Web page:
Monday, September 23, 2019

Job Interview Technical Assessment Walkthrough

Hello people,
This is my first post here, in which i will be walking through a series of challenges i had to do in order to pass the technical assessment process of a job i was applying to.

Sorry if there is not much structure or detail to the blog post, but i am literally writing this while on a plane.

#Introduction to the challenges.
This was pretty straightforward: i was given a url which had a log in page and that's it. I was told that there would be 7 flags, and i had to submit my findings withing a week.

Finding the bugs:
Okay so i had a week to do this, but i wanted to impress them, so i put myself the goal to deliver the work within 4 days, i managed to do it in 2.

Flag 1: Improper Access Control on a S3 Bucket - Directory Listing Enabled

Note: Unfortunately, i cannot provide very detailed screenshots, because they use the same platform for everyone that applies there.
This was pretty easy actually, i just viewed the html source code of the web page, which had a reference to a s3 bucket.
I visited the url, and the whole contents of the bucket was being listed, including the flag!

Flag 2: Exposed .git Directory
Okay, so after finding the s3 bucket flag, i launched dirsearch, to perform content discovery on the domain: python3 dirsearch.py -u https://target.com -w raft.txt -x 404,500,403 -e php,html,js

Luckily, it was very quick to give a 200 ok for /.git



I used gitTools to download the contents of the folder, and i then ran: git show
This gave me the login credentials: demouser - password, i logged in and yup, there was the second flag.

Flag 3: 2FA Mechanism didn't have Rate Limiting Implemented
This was super easy as well, they had a "protected area", in which you had to click send code , which would send an OTP to a mobile number ( there was no option to set up / see the current mobile number ), so the first thing that came to my mind was bruteforcing the 2FA code.
I immediately launched Burp Suite, and used Intruder in order to automate the whole process.
After a while, the correct code was found, and the 3rd flag was included in the response.

Flag 4: IDOR - Ability to view other people's documents
When you logged in to the account, there were a few menus, two of which were "View Your Disputes" and "Submit Dispute" - which was disabled.
I checked the source code of the View Disputes page, and there was a javascript callback to a url looking like:
http://target.com/viewdisputes.php?proxy_url=http://127.0.0.1/users.php?userId=1337 ( where 1337 was my user id )
There was another page on the web app, that showed all the users and their ids, so i changed the id to 2600 ( the other user ), and i was able to see his disputes, but the flag was also included in the response.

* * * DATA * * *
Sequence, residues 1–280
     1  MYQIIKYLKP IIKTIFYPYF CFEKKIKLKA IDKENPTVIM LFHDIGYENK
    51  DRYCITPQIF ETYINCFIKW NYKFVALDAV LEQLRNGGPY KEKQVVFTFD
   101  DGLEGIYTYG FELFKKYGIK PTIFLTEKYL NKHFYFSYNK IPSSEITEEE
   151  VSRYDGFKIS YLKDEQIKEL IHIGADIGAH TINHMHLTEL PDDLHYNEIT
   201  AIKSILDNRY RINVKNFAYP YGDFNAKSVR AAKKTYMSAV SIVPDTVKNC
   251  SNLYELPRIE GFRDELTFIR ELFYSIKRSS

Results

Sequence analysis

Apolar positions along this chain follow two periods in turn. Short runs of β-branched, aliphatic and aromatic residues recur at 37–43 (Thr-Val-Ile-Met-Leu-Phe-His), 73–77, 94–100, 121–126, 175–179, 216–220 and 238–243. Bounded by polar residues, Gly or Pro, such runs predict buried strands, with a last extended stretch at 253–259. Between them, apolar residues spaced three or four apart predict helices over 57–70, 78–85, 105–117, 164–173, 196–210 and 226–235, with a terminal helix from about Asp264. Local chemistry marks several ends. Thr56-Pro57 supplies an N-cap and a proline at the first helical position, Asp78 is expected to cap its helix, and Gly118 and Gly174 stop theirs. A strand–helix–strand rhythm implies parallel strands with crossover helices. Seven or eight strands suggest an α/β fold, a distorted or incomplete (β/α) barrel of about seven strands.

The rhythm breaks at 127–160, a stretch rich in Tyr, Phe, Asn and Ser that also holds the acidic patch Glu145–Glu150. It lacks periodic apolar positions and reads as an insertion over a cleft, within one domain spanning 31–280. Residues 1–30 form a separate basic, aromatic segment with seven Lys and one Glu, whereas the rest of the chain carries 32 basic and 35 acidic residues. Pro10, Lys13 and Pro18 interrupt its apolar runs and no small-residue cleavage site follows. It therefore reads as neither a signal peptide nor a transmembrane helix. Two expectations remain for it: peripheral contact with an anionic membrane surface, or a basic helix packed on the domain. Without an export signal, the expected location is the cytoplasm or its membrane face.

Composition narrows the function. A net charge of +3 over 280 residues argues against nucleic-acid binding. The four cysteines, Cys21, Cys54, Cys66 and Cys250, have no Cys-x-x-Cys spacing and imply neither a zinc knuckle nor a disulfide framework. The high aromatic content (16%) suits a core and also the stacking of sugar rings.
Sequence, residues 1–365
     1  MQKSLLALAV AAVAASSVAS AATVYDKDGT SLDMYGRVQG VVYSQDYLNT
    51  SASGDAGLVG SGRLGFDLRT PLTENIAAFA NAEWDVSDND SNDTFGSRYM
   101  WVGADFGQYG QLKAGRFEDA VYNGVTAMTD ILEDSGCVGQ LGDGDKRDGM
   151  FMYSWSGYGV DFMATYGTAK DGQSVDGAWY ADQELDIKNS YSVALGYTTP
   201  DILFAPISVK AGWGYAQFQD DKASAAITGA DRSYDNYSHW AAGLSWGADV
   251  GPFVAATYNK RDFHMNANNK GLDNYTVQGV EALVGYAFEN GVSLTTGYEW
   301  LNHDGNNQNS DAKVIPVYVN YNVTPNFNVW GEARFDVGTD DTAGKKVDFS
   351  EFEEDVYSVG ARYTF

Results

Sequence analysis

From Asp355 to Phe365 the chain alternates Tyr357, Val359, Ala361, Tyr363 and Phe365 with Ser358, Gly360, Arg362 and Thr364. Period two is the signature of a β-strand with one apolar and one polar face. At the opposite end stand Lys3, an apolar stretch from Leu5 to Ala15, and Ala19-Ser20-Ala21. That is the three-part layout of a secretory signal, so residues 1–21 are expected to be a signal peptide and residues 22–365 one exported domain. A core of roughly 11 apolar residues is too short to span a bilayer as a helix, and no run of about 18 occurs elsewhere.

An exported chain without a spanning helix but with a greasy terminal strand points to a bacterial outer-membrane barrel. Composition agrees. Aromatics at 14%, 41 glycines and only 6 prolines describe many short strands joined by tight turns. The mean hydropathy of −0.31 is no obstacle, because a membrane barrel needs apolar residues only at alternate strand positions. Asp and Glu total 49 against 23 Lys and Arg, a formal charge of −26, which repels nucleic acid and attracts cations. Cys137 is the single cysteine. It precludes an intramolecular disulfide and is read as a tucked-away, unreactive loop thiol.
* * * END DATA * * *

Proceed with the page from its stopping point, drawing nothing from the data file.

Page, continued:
Flag 5: Server Side Request Forgery
This was the coolest and my most favourite bug.
The same endpoint that was mentioned above, could be used to query the EC2 Instance of the web app, so i did a request similar to: http://target.com/viewdisputes.php?proxy_url=http://169.254.169.254/latest/meta-data and it displayed some very interesting aws stuff, so i went to grab the s3 bucket tokens: http://target.com/viewdisputes.php?proxy_url=http://169.254.169.254/latest/meta-data/iam/security-credentials/s3access

This gave me the access key id, the secret token, region name etc.
I copied all the info and used them as configuration material for awscli ( Amazon Web Services Command Line Interface ) , through aws configure.
After that i listed all the s3 buckets that these keys give access to, through: aws s3 ls

This gave me 2 buckets: the initial bucket discovered in the first flag, and another bucket named: view-disputes-flag.
I listed the contents of that bucket and copied the flag to my computer, then viewed it's contents ot get the 5th flag.

Flag 6: Json Web Token Manipulation to Admin User Access
If you read about flag 4, i mentioned the fact that there was a page where you could see the id's of other users. There was also an admin user, with the id of 1.
When you logged in, a jwt cookie was generated ( i noticed the hash starting with ey, so i thought it was jwt, confirmed by pasting it to jwt.io )
The json web token looked like this:

"alg": "HS256",
"typ": "JWT"
}
{
"jti": "5somerandomstuffb",
"fresh": false,
"iat": 1566663044,
"type": "access",
"nbf": 1566663044,
"identity": 1337
}

I modified the identity to 1 ( the id of the admin ) and the alg type to None.
Put the modified value back into the request, forwarded it, and boom - i was logged in as the admin user, which also gave me the 6th flag.

Flag 7: XML External Entity Injection (XXE)
After logging in as an admin, you have the option to Submit Dispute ( which was disabled when you were logged in as a non-admin ) , and there was a sample file so that you could see the structure.
It was a .xml file, so you guessed it - i added an entity that referenced a system call to file:///etc/passwd ( basically i performed a Local File Inclusion through the XML File ), and uploaded the modified file.
The response displayed the contents of /etc/passwd , and in between the lines, there was the 7th flag.


Then i wrote the report, prepared the proof of concept videos for each flag, and sent it to the team.
After reviewing it , they told me they were pretty impressed with the report.

Now i'm currently waiting for the third step of the interview.
Thank you for reading!
./out

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